This photo was taken of a summer thunder storm over Levkas with George Catchpole's Verdi (Halberg Rassey 42) coming into the CYS mole in Levkas harbour. Mavis Woods took the photo and has allowed me to reproduce it here. This is not a retouched photo - this is what it was like!
Mediterranean weather forecasts on the internet
General forecasts for the Mediterranean
UGRIB Grib files from http://www.grib.us/ where you download the UGRIB viewer and can then select areas for up to a 5 day forecast. Easy to use and frighteningly accurate for computer only generated data.
JCOMM GMDSS (Meteo
Windfinder http://www.windfinder.com/ Originally a windsurfing forecast site that has expanded. 7 day forecasts.Wind Guru www.windguru.cz/int/ Another windsurfing forecast site. Remember forecasts are for spots close to the land.
Meteosail http://www.meteosail.com/ Uses various other sites with links to get there.
Passage Weather http://www.passageweather.com/ Gives weather world-wide.
Poseidon www.poseidon.ncmr.gr/weather.html Easy to use 5 day forecast.
Hellenic Meteo www.meteo.gr/sailingmapf.asp Excellent interface. Click on area and then on forward arrow on right. Up to 5 day forecast.
Note Most of the general Mediterranean forecasts and most of the regional forecasts now use GRIB files. It should always be remembered that these are computer only generated files which do not pick up squall activity, fronts and gusts. So much of the wind in the Med is affected by the proximity of large land masses and thermal effects on those land masses that you need to use some care interpretting GRIB data. Still, the forecasts are a lot better than they used to be.
For general info on weather see Frank Singletons Weather Pages
The hurricane force winds that ripped through France and Spain last weekend (2009) caused the deaths of 11 people including the captain of a Portuguese ship off the north Atlantic coast of Spain. These pictures were taken of a Beneteau running into the harbour of Zumaia on the Basque coast of Spain just after the storm.
These incredible shots are of a Beneteau entering a harbour in Galicia. Go to the Spanish Natural Surfing website to see the full sequence of shots
From the Skylax blog 17-10-10
I received the following email and pic from Eric Fenwick on waterspouts in the Ionian. Are they inreasing in frequency...
Subject: Waterspouts in the Ionian.
I thought you might be interested in our observations of waterspouts we saw whilst cruising in the Ionian in September this year. If not then perhaps you could pass this information on to Rod Heikell since he makes reference to them in Greek Waters Pilot, page 27 in the 2007 edition.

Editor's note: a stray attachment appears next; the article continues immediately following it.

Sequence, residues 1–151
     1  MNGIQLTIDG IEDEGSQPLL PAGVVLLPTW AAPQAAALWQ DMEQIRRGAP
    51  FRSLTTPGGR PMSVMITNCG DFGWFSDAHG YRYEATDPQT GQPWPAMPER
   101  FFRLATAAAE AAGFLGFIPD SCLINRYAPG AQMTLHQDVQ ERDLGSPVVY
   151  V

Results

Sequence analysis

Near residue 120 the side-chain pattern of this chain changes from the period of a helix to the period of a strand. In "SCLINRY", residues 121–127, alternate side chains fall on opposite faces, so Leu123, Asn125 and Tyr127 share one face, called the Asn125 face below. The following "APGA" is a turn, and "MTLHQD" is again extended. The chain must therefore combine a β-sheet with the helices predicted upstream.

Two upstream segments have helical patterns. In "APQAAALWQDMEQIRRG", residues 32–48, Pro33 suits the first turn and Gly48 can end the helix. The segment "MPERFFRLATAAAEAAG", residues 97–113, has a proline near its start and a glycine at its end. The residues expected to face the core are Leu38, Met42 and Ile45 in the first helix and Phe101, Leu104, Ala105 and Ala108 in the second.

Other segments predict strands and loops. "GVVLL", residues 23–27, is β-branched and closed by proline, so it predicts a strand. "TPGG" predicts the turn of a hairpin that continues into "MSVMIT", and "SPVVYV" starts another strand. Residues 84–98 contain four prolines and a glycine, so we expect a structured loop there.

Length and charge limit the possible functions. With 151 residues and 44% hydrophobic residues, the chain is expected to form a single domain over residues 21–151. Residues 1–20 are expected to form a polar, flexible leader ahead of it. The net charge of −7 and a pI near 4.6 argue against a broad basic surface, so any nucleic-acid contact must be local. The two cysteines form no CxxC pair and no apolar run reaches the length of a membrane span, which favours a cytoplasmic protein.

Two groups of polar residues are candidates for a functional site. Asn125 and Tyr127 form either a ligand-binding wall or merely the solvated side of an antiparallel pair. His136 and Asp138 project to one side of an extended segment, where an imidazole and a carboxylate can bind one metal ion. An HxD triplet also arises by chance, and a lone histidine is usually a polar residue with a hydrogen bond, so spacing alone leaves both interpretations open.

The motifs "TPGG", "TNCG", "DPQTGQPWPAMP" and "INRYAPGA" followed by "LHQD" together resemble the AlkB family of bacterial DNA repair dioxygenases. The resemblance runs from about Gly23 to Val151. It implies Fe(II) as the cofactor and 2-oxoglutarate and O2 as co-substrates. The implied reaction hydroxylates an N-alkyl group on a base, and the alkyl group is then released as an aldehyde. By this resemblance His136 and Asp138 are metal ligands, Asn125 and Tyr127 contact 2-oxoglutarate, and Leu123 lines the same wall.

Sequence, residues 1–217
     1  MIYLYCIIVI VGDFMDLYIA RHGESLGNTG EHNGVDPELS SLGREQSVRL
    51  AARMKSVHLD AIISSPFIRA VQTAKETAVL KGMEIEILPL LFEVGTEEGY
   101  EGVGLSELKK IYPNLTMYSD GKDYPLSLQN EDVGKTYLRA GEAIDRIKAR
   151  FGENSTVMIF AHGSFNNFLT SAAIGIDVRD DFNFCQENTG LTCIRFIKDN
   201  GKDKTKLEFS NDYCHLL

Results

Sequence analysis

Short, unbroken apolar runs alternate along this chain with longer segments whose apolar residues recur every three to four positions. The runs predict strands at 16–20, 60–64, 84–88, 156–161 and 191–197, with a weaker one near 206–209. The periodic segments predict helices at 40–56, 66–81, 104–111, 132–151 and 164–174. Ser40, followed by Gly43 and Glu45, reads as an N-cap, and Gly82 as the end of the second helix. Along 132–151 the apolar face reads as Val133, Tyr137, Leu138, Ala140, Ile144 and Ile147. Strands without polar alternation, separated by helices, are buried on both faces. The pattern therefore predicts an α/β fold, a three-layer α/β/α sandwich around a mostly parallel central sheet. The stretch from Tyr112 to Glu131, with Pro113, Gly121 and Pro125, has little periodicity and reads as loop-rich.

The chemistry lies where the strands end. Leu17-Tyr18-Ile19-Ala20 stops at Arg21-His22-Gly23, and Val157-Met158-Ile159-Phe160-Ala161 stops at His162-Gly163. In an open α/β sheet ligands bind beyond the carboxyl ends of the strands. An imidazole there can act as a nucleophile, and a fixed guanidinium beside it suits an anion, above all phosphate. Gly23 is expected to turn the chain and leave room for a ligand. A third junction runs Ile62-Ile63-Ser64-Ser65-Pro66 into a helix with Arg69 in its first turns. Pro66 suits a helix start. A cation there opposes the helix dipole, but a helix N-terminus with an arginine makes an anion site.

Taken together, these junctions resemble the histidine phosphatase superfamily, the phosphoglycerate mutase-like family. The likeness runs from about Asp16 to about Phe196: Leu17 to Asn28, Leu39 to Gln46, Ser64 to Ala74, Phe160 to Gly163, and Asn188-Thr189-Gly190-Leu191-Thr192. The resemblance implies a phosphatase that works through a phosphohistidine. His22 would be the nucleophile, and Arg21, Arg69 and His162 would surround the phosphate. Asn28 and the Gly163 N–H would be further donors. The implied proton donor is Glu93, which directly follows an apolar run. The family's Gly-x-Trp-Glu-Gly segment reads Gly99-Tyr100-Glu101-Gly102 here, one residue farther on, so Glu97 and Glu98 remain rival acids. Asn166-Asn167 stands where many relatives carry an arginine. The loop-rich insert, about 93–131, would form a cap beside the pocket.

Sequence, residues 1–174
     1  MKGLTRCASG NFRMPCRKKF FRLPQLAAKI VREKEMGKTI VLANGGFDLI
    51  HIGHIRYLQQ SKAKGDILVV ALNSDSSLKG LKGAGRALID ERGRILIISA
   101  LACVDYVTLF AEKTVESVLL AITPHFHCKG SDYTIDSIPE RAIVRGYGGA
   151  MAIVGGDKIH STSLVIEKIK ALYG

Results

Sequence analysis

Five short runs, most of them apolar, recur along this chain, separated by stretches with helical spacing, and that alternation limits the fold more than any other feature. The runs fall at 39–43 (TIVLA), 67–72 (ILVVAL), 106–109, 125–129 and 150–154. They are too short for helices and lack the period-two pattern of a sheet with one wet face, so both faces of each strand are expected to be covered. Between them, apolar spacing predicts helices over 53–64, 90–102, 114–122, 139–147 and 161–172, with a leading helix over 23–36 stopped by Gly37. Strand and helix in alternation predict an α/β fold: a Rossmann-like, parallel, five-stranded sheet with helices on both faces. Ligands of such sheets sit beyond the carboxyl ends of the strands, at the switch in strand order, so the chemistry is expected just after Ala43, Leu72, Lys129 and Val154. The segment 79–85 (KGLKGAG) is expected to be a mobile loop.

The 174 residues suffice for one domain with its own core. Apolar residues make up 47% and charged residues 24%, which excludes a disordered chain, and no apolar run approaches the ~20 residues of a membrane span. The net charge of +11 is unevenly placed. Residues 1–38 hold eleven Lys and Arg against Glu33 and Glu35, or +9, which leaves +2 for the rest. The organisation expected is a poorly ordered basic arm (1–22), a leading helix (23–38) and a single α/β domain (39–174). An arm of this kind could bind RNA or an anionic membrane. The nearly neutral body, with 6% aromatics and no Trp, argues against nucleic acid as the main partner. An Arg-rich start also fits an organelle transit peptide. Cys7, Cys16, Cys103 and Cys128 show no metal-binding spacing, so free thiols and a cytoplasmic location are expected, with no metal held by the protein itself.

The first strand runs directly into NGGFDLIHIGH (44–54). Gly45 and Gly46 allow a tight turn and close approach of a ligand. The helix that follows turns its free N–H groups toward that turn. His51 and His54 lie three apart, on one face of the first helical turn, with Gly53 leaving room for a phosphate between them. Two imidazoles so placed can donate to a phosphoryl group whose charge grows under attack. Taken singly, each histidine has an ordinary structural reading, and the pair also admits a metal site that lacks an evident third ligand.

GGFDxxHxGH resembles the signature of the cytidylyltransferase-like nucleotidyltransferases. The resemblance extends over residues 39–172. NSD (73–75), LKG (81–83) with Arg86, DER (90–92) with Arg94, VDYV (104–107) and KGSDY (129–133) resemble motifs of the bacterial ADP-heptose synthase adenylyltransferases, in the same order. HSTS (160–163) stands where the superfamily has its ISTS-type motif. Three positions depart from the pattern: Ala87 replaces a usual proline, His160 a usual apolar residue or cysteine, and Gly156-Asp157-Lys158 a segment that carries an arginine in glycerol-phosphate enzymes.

I was skippering a bare boat charter out of Gouvia and on board were my partner, my daughter and her partner.
We had left Vathi (Meganissi) in the morning bound for Kalamos; it had been raining for several hours when we set out, the sky was heavily overcast over the north side of Meganissi.
Please see the attached pictures. The waterspouts occurred whilst we were between the southern tip of Meganisi and Kalamos. We were under full sail, making about four knots.
We observed a very heavy, and very dark, 'U' shaped cloud formation to the north of us. I would estimate about three miles distant and moving toward us, seemingly quite quickly.
There was another yacht to the north-north east of us but too distant to identify, but they did seem a lot closer to the waterspouts than we were.
The start of the first waterspout manifested itself out of the cloud as a distinct broad white line angled at about 45 degrees and then reached down to the sea causing a lot of disturbance on the surface. To answer Mr Hekeill's question, regarding whether it was rain or salt water, it looked as if this might have been rain water.
The second waterspout did the same very soon after the first. The third did not show itself in the same manner as the other two but merely as a disturbance on the sea surface. All three were happening at the same time.
The date was 11th September about 13:30. Our location was about half way between the southern tip of Meganissi and the southern tip of Kalamos with the waterspouts about three miles to the north of of us.
Our log shows a barometer pressure of 993mb and it had not changed appreciably since our departure. We had no wind instruments on board but the winds were light and, I estimate, from the north west.
At this time I became concerned about the safety of the boat and crew.
We furled sails and motored to Port Kalamos with some haste. As we motored up the south east coast of Kalamos heavy clouds rolled over the mountains. We were tied up about about one hour after we first saw the waterspouts and then there was torrential rain and prolonged thunder. Curiously though, the winds were still quite light.
Mr Heikell comments in the pilot book that there is 'a dearth of reliable reports' regarding waterspouts.
Well this is a true report together with pictures. Also we have three short (HD quality) video shots of the waterspouts and these show all three more clearly than the still pictures.
For us this was a spectacular phenomenon to observe first hand and I hope you find this of some interest.